There's little left now.  Mount the coolant overflow bottle, verifing the top coolant line runs where it's suppoed to.  Plug the sensor into the bottle.  Note the coolant level, and come back and check again if its not spot-on.  Verify the vacuum bulb is set and tight.  Put the fuel filter into it's mount and tighten it down, making sure that the lines run properly.  I have a cheap $1 clear filter in front of the spendy stock filter to extend its life, but it also shows me that fuel is getting that far.  I check that for a fuel level at this point.

All Over
Last, the battery is hooked back up.  Before that, all of the electrical connections, including all sensor plugs should be double checked.  This is where the "do everything you can see" model falls apart.  By doing it one system at a time, you know everything was done.  By working zonally, you don't really know for sure without checking system by system.  At that point, you may as well have just done it that way.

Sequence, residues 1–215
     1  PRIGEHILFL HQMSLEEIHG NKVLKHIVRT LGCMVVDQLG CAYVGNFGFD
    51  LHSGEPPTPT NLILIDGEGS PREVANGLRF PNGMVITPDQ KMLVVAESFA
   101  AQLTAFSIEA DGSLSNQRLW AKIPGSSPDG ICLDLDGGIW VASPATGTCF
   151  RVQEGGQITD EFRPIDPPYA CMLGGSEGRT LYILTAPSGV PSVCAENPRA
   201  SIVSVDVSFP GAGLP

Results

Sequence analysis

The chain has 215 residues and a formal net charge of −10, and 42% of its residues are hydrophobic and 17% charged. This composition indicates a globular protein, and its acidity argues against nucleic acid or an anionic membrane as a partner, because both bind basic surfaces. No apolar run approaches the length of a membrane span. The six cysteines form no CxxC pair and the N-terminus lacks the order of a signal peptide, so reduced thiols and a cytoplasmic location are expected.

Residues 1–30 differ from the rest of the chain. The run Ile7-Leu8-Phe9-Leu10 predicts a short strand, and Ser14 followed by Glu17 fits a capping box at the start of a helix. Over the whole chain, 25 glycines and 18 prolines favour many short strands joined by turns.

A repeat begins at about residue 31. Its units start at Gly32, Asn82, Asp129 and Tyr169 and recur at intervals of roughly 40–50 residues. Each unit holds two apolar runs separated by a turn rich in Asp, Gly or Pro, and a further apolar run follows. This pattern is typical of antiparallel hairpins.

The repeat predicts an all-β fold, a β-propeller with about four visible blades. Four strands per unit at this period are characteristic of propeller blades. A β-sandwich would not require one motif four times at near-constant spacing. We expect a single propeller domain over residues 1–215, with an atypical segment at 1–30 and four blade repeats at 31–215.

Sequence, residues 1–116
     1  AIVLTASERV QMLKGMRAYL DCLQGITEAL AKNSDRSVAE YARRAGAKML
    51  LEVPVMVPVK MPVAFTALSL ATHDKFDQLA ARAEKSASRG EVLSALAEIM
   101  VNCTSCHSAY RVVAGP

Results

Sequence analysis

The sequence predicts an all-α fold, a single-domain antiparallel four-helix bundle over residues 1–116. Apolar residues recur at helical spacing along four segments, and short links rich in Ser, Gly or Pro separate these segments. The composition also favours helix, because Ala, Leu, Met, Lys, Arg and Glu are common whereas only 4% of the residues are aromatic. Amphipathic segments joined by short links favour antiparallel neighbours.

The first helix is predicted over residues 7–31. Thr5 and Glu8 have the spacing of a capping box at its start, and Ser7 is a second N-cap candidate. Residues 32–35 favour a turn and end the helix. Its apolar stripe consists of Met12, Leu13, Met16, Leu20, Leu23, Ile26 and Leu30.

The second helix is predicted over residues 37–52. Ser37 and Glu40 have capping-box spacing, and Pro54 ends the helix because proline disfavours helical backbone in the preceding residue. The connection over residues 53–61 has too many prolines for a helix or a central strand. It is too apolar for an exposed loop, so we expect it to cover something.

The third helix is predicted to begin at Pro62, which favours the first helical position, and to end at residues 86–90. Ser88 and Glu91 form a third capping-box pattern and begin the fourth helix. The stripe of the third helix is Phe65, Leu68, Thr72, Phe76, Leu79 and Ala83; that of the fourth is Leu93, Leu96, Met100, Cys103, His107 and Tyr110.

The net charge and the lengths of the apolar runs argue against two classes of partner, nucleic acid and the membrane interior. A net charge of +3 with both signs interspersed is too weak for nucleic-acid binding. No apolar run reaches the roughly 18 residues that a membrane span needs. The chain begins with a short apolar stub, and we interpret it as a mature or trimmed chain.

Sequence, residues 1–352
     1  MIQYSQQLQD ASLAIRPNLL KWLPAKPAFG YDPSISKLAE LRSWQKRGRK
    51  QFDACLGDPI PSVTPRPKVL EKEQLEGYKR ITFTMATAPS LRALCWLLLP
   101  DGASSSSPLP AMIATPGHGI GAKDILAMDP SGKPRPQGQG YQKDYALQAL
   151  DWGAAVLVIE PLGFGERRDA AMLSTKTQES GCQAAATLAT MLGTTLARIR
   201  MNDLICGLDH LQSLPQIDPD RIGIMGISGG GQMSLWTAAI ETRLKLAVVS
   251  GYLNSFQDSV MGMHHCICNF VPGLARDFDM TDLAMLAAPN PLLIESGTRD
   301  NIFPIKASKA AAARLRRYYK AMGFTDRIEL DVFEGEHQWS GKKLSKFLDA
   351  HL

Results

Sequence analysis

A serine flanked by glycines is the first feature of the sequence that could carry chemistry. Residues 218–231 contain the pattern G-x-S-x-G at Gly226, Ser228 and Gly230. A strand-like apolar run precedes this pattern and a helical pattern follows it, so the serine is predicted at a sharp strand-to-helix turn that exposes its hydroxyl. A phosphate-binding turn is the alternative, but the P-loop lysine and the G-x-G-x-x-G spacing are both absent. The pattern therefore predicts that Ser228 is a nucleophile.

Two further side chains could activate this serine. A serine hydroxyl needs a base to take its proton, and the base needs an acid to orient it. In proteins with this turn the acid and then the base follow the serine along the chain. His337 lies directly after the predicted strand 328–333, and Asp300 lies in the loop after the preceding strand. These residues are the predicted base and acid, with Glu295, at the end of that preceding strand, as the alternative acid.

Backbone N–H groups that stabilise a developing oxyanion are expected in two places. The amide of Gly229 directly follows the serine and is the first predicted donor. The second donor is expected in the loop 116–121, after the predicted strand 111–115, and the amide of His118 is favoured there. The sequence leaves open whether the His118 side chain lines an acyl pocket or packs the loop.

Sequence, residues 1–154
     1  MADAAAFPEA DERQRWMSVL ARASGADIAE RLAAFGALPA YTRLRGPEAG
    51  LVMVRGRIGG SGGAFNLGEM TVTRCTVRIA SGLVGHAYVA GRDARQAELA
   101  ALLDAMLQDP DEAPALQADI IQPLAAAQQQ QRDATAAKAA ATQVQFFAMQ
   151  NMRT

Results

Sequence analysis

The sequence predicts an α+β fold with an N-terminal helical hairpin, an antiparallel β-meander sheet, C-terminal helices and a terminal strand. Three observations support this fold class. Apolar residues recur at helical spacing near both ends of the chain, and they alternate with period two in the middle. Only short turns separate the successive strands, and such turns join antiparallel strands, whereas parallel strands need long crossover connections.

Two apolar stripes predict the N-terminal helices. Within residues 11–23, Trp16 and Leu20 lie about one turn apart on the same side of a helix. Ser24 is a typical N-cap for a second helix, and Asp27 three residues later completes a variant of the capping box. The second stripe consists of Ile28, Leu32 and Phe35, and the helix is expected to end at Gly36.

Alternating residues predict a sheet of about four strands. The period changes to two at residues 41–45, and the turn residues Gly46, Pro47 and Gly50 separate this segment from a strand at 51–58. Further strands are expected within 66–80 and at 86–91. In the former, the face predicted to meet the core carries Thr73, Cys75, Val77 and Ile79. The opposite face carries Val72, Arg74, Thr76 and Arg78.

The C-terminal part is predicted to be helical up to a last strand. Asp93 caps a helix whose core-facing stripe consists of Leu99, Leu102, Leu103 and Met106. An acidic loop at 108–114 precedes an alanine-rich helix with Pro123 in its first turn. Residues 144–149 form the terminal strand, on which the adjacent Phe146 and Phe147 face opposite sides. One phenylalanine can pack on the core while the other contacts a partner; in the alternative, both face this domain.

This is the part everyone wants to jump to: grabbing the keys and giving a test fire.  The first time I tried this time around, I got nothing: I'd failed to hook up the battery.  Once resolved, he started right up.  I applied the clutch and shifted through the gears.  Nice and smooth.  Seatbelt on, and on the road to test.  There was less noise than I remembered.  The gears shifted easily up through 3rd (never got to  4th), and the bus felt peppy.  Overall, it was a great, albeit short, drive.  I declare the bus road-worthy again.  By the way, there wasn't a single drop of oil on the transaxle nor engine after the test drive and cool-down.  Success!

Thanks for following along.  Next time, I look at the ceiling of the bus and/or knocking the dents out of and painting the rear bumper.